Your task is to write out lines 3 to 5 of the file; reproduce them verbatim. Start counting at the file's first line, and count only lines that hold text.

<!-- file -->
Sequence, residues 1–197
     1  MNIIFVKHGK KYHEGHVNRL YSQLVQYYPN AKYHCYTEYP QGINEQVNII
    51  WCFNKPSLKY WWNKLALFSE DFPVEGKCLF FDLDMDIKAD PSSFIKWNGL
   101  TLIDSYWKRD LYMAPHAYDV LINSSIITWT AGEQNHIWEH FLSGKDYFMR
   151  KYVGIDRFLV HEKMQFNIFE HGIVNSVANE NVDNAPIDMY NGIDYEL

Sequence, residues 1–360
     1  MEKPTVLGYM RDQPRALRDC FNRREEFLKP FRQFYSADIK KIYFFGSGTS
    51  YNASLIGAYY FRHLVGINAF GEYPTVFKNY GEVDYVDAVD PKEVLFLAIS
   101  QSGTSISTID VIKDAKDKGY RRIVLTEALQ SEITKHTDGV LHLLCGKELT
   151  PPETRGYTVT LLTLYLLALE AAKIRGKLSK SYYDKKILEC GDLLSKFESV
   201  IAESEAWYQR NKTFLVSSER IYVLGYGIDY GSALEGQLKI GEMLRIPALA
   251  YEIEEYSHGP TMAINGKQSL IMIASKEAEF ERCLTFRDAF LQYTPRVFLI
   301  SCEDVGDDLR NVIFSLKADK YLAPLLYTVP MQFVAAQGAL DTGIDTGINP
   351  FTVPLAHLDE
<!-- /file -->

    51  WCFNKPSLKY WWNKLALFSE DFPVEGKCLF FDLDMDIKAD PSSFIKWNGL
   101  TLIDSYWKRD LYMAPHAYDV LINSSIITWT AGEQNHIWEH FLSGKDYFMR
   151  KYVGIDRFLV HEKMQFNIFE HGIVNSVANE NVDNAPIDMY NGIDYEL